A Few Thoughts on the Trinity

This is a tricky topic for Christians to discuss.  It is a tough topic for me to write about.  I have been developing this article off and on for quite some time.  I started it nearly three years ago.  There is something I need to say.  I feel compelled to help my brothers and sisters to better understand the idea of the Trinity, and more importantly, to be able to apply this understanding in their walk.

I am hoping that you will trust me enough to dive a little bit deeper into this challenging topic.  I want to address just a couple of ideas which may radically alter the way you think, feel, and relate to those who are the subject of the hymn, “Holy, Holy, Holy”: God in three persons; blessed Trinity.

An observation about contemporary Christian music

I listen to a lot of contemporary Christian music on the radio and I have sung modern praise songs in local churches or Army chapels.  I have seen a somewhat disturbing trend over the last decade or two.  At times, it seems that emotion has overshadowed Christian doctrine.  Let me explain.

Many well-meaning songwriters have not been careful to distinguish between God the Father and God the Son.  In our attempts to express our understanding of the doctrine of Jesus, or Christology (which asserts correctly that Jesus is fully man and fully divine), we often say, “Jesus is God”.  This statement, if used out of context, might cause a songwriter to use God and Jesus interchangeably in their lyrics.  I believe this is inherently confusing and is a major misunderstanding of the Trinity.

For example, notice the line from this popular worship song shown above.  This song is about the beautiful name of Jesus.  Then, without warning, this line pops up on the screen: “Now and forever God you reign.”  The first time we sang it in church I could not sing it.  It just did not seem right.

There is another popular song by a group I truly enjoy listening to.  It is about two of the names of Jesus.  It brings together the biblical imagery from the book of Revelation, where Jesus is depicted as the Lamb of God who took away the sin of the world and also the Lion of Judah.  However, when we get to the chorus, I cringe every time the words come up: “Our God is the Lion . . . Our God is the Lamb . . . For who can stop the Lord Almighty.”  The Lord Almighty is a special name of God that is found in the Old Testament.  As such, I am not sure it is accurate to call Jesus by that name.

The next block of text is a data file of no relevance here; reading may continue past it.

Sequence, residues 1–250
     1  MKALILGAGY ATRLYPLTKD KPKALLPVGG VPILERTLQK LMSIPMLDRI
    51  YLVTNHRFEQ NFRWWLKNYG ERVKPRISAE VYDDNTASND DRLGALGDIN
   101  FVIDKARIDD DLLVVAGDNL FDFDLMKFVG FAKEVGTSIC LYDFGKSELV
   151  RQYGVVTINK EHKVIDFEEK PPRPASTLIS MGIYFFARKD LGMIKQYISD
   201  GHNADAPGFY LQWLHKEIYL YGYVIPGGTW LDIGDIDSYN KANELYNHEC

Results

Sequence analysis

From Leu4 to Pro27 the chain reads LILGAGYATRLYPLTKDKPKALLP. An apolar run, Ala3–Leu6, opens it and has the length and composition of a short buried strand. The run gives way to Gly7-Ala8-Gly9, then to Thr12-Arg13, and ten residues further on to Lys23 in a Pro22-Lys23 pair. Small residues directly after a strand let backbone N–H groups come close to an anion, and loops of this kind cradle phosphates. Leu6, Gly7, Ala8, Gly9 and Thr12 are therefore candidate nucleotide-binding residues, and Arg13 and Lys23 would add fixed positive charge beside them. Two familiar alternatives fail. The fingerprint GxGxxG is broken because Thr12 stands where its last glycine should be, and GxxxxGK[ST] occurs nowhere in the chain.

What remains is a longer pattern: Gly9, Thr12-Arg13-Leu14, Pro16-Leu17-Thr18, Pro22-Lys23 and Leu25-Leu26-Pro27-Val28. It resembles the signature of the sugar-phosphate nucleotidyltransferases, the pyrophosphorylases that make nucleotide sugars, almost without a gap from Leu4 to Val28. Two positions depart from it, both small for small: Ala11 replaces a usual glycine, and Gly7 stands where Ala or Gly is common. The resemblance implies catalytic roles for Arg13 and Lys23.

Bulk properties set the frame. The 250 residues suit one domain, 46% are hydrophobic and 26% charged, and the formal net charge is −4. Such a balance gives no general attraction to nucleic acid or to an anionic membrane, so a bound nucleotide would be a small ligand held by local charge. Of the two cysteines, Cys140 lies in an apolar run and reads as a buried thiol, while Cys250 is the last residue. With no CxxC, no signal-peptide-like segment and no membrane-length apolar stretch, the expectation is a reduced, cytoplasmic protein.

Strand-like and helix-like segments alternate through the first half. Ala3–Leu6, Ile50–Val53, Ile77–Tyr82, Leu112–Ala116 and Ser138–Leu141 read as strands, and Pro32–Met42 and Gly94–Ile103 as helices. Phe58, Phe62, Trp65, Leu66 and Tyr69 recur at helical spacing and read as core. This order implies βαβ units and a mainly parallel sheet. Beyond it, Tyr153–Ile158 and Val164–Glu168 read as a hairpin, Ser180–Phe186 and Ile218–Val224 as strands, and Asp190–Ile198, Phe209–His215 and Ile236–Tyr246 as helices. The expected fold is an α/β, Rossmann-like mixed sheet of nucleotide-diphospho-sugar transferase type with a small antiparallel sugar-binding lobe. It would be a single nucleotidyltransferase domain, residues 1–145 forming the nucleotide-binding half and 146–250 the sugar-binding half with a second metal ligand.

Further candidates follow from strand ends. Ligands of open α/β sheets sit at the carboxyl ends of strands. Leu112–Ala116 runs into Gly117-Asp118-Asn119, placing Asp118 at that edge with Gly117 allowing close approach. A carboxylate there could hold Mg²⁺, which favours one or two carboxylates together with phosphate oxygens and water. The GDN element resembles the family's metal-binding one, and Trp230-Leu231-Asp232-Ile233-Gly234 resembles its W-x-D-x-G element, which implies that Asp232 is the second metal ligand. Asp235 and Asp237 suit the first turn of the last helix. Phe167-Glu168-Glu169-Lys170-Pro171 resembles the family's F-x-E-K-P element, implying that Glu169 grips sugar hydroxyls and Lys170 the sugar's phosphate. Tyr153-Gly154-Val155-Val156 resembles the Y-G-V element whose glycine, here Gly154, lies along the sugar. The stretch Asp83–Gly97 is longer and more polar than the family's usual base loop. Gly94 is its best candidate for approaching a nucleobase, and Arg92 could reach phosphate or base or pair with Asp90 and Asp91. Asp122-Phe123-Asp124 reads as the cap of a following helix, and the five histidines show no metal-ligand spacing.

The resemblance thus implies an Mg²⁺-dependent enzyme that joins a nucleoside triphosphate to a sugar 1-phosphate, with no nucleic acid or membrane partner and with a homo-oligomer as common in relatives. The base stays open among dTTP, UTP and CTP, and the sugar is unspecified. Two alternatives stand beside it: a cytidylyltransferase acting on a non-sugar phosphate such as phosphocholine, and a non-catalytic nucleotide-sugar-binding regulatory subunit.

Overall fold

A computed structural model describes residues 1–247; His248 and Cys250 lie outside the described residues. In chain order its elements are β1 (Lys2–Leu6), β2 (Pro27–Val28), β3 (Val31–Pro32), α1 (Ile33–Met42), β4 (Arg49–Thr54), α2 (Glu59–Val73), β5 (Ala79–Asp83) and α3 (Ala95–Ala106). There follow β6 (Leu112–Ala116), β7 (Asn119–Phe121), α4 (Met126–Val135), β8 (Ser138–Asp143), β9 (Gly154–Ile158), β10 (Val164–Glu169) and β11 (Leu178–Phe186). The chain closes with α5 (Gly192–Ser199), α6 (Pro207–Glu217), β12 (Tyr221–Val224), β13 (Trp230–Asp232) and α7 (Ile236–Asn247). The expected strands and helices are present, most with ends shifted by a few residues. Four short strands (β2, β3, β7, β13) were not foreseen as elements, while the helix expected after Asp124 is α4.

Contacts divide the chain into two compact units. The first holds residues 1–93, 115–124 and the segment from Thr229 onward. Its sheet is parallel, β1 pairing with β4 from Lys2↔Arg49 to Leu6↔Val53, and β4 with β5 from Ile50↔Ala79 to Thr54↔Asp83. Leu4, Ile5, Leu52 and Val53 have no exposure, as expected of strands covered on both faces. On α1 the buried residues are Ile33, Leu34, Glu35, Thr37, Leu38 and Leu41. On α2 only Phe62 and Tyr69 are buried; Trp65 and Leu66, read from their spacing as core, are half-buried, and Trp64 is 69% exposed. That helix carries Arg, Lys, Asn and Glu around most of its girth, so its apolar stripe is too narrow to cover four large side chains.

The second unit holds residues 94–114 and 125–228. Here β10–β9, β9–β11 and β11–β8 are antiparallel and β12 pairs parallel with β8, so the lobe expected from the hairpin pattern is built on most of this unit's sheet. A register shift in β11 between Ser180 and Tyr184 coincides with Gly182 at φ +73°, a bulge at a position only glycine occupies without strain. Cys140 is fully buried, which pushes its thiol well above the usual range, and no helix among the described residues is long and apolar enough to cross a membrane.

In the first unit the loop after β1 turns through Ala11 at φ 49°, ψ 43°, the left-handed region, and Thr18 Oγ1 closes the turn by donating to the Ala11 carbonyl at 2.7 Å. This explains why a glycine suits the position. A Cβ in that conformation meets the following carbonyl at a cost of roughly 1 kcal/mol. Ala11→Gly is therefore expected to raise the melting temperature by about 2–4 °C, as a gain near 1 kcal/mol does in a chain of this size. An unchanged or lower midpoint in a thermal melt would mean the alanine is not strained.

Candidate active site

Now that I have ruined a couple of perfectly good worship songs, I had better jump to the Scriptures for a little help.

Jesus came to reveal the Father, not replace Him

I have to admit.  I do struggle a bit myself to fully understand and apply this mysterious doctrine where One is Three and the Three are One; distinct in persons, and yet unified in substance. 

However, I know that Jesus did not come to replace God the Father.  He came to reveal Him.  The reason Jesus came to us so that we could come to God the Father.  A believer who only relates to Jesus but not to the Father has an incomplete understanding of faith and the doctrine of God.

In John 14:6, after Jesus tells His disciples that He was the way, the truth, and the life, He states, “no one comes to the Father except through me.”  What Jesus meant was that believing in Him is the only way that anyone can come to the Father.  All who approach God must come by faith in Jesus alone. However, Jesus never intended for His followers to merely come to Him and then stop there.

Moreover, Paul points out in Rom. 5:1 that we have been justified through faith in Christ, which results in “peace with God”.  This is not the peace that passes all understanding (Phil. 4:7).  This refers to a radical change in status from being God’s enemy to becoming His child.  The writer of Hebrews exhorts Christians to “draw near to God” because we have “confidence to enter the Most Holy Place by the blood of Jesus” (Heb. 10:19-22).  We have been given a rare gift that the OT believers did not have – direct access to God.  Drawing near to God was why Jesus died for you and me.  His clear intent that we would enjoy a living, loving relationship with His Father, just as He did.

One in essence, three in Persons

The Evangelical Dictionary of Theology articulates the doctrine of the Trinity quite simply: “God is one in being or essence who exists eternally in three distinct co-equal ‘persons’.”

The Apostle Paul, who is consistently Christ-centered in his theology, often refers to both Father and Son.  In 1 Cor. 8:6, he offers this balanced view of the Trinity for our consideration: “Yet for us there is but one God, the Father, from whom all things came and for whom we live; and there is but one Lord, Jesus Christ, through whom all things came and through whom we live.”  This statement emphasizes Paul’s understanding of the distinct roles between God the Father and Jesus the Son.